The FINSEC project aims to develop, demonstrate and bring to market an integrated, intelligent, collaborative and predictive approach to the security of critical infrastructures in the financial sector.
The project consortium identified the main components needed to facilitate a combined cyber/physical approach to security. To this end, a proper data model is crucial to provide an integrated representation of physical and cyber assets and their relationships, to operate on data and to define the scope of the prediction algorithms.
In the design of a data model, two different approaches can be adopted: the first one comprises the definition of the model from scratch, covering all the business requirements of the considered use cases; the second one comprises the expansion (i.e., particularisation, detailing) of an existing standard with the objects individualized by the use cases and missing in the standard. The FINSEC project pursued the second solution, resulting in the FINSEC-FINSTIX data model. FINSTIX extends the Structured Threat Information eXpression (STIX) 2 [https://oasis-open.github.io/cti-documentation/] standard combining information coming from both physical and logical worlds (thus supporting defences against both cyber and physical threats).
STIX 2 is an open source language and serialization format that lets data model users exchange cyber threat intelligence (CTI) in a consistent and machine-readable manner, thus allowing automated threat exchange, automated detection and response, and more. Using STIX, the security communities can better understand what computer-based attacks are most likely to be seen and to anticipate and/or respond to those attacks faster and more effectively.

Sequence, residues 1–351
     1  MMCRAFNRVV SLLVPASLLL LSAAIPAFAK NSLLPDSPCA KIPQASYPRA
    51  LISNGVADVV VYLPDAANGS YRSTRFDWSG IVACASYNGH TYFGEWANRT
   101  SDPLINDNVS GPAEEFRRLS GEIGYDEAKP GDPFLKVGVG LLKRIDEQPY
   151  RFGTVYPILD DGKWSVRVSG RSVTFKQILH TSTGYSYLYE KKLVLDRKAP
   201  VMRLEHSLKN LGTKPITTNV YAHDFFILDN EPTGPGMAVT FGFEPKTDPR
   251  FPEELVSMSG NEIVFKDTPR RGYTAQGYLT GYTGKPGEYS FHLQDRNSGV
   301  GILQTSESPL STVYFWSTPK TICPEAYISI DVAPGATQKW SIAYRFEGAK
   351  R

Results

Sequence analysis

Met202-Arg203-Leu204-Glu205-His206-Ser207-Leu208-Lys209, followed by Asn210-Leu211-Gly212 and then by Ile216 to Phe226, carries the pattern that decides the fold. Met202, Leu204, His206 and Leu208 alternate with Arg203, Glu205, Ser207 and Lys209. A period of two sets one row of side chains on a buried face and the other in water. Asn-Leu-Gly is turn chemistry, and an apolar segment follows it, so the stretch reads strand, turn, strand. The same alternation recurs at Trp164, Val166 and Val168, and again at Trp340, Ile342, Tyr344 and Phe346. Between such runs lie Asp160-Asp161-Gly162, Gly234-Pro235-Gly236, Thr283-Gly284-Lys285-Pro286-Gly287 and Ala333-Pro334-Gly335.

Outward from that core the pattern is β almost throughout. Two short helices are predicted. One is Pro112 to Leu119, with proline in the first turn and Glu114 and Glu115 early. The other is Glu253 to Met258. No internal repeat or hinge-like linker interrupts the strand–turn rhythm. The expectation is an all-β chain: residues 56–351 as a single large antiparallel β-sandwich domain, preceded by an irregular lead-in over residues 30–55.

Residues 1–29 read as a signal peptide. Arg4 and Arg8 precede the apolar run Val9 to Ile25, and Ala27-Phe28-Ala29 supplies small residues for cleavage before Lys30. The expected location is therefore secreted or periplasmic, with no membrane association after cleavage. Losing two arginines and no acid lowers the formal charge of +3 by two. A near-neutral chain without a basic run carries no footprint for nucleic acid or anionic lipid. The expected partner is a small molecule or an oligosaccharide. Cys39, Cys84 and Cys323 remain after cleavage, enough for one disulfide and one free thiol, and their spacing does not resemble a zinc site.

The Consortium choose STIX because it already defines concepts important for the CTI (such as Observed Data, Vulnerability, Attack Pattern, Malware, Course Of Action), while enabling an easy extension through the addition of custom parameters to already existing STIX objects and/or the creation of brand-new custom objects. In addition, STIX allows easy references to other external sources of intelligence (such as CAPEC).
The FINSEC extension to STIX2 has been driven by the FINSEC Project use cases, which led to the inclusion of information relevant to the financial sector, enabling the correlation of physical and logical data.
The whole FINSEC Platform can be conceived as an "intelligent engine" capable of transforming events and observed data from the physical and digital world (physical-cyber infrastructure) into Threat Intelligence. The information produced will be referred to Cyber and Physical Threat Intelligence (CPTI). In the same way that Cyber Threat Intelligence (CTI) is valuable information exchanged in the Cyber Security Domain, the CPTI produced in the FinTech sector is the added-value information produced by the platform which could be exchanged (in-out) between Financial Organizations and Security Organizations (CERT/CSIRT-like).
By Giorgia Gazzarata, CINI